Mark J. Terrill/Associated Press
It would have been poetic for Jimmy Butler and the Miami Heat to go down fighting in Game 5 against the Los Angeles Lakers on Friday—a fitting, noble end for a player and team that define themselves by defiance and heart and a rugged refusal to quit.
Thing is, if you fight the whole time you’re going down, if you never stop swinging despite tumbling over the edge of exhaustion, sometimes you manage to knock the other guy out.
Butler, in his second historically brilliant performance of this year’s Finals, sat for a grand total of 48 seconds during Miami’s inspired 111-108 win over the Lakers, finishing with 35 points, 12 rebounds, 11 assists and five steals on 11-of-19 shooting from the field and a perfect 12-of-12 effort from the foul line.
Miami’s leader traded haymakers with LeBron James (who capital W wanted this one) throughout the game and even out-dueled him during a breathless fourth-quarter stretch. Every time James attacked the rim and finished, Butler responded.
The defining sequence for Butler began at the 3:42 mark of the fourth quarter with his team trailing by one and everyone on the floor running on fumes. Butler blocked a layup attempt by James, stole the ball from Alex Caruso and assisted on a Duncan Robinson three that gave Miami the lead. From that point on, the game swung back and forth, one team taking and then losing the advantage on nearly every trip down the floor.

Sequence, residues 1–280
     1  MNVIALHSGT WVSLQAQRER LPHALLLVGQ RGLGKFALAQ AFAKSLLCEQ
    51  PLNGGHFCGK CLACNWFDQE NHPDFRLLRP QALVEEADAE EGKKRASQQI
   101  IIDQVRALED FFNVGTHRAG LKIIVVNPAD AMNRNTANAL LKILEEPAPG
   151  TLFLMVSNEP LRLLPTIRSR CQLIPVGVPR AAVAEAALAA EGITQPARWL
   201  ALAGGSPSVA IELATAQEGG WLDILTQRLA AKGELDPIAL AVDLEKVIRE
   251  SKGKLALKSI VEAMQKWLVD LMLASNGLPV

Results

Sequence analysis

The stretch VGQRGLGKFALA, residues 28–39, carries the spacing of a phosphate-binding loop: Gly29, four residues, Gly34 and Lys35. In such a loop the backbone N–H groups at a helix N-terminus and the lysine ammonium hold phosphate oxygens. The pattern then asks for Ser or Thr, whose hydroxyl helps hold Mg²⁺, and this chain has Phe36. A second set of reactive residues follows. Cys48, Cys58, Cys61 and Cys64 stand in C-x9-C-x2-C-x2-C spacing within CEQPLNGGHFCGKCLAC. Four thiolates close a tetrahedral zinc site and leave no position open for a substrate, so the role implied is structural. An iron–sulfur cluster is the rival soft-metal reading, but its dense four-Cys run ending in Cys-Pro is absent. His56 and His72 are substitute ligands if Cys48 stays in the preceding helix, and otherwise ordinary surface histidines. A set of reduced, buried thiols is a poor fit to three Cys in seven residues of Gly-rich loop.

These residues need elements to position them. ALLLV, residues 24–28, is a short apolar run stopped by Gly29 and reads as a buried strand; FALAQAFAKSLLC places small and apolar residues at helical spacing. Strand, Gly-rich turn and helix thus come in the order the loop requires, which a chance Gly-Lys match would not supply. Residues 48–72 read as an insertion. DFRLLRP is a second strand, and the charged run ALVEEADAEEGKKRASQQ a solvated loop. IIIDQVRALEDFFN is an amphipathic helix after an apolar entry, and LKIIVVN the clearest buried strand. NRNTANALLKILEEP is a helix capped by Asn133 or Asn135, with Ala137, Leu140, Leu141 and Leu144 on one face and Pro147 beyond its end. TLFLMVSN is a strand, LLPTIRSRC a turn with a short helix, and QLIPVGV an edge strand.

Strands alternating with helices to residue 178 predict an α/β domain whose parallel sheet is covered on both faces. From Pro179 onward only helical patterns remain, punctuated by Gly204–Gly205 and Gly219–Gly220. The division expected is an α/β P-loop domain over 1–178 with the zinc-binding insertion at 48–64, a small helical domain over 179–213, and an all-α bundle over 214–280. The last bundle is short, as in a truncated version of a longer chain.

It was Butler who wrested the lead back from the Lakers four times in the final 1:51 of the contest—twice with contested jumpers and twice from the foul line. The 109-108 advantage on his 12th free throw of the night secured with 16.8 seconds left ultimately held up. Tyler Herro’s two free throws iced the affair.
Much has been made of the Heat’s no-nonsense, hypercompetitive, commitment-to-work culture during these playoffs. If they could distill what they want from their players into a short film reel, they could hardly do better than Butler’s closing stretch.
There’s a reason he’s been so often described as a perfect fit in Miami.
What happened Friday makes that description seem a little off. It’s not so much that Butler’s values and approach align with Miami’s, which they do. Instead, it feels more accurate to say he elevates the characteristics the Heat value, bringing everyone with him on the ascent.
Butler didn’t win Game 5 and avoid elimination on his own.
Duncan Robinson hit seven threes and scored 26 points, his constant sprinting off the ball whipping Lakers defenders into a panicked frenzy. Butler had something to do with that.
Kendrick Nunn came off the bench to score 14 points in 28 minutes, giving the Heat a downhill attacker in the pick-and-roll and putting pressure on L.A.’s defense in ways Goran Dragic would have if he’d been healthy enough to play.
Bam Adebayo turned in several key defensive stops in high-leverage moments, but he wasn’t satisfied with what he provided for his star teammate.